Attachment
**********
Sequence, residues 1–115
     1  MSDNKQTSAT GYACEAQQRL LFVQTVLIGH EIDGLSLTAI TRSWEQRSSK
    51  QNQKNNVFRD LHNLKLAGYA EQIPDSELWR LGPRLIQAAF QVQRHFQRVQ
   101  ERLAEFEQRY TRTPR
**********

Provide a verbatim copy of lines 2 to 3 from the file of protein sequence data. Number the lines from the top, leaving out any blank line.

     1  MSDNKQTSAT GYACEAQQRL LFVQTVLIGH EIDGLSLTAI TRSWEQRSSK
    51  QNQKNNVFRD LHNLKLAGYA EQIPDSELWR LGPRLIQAAF QVQRHFQRVQ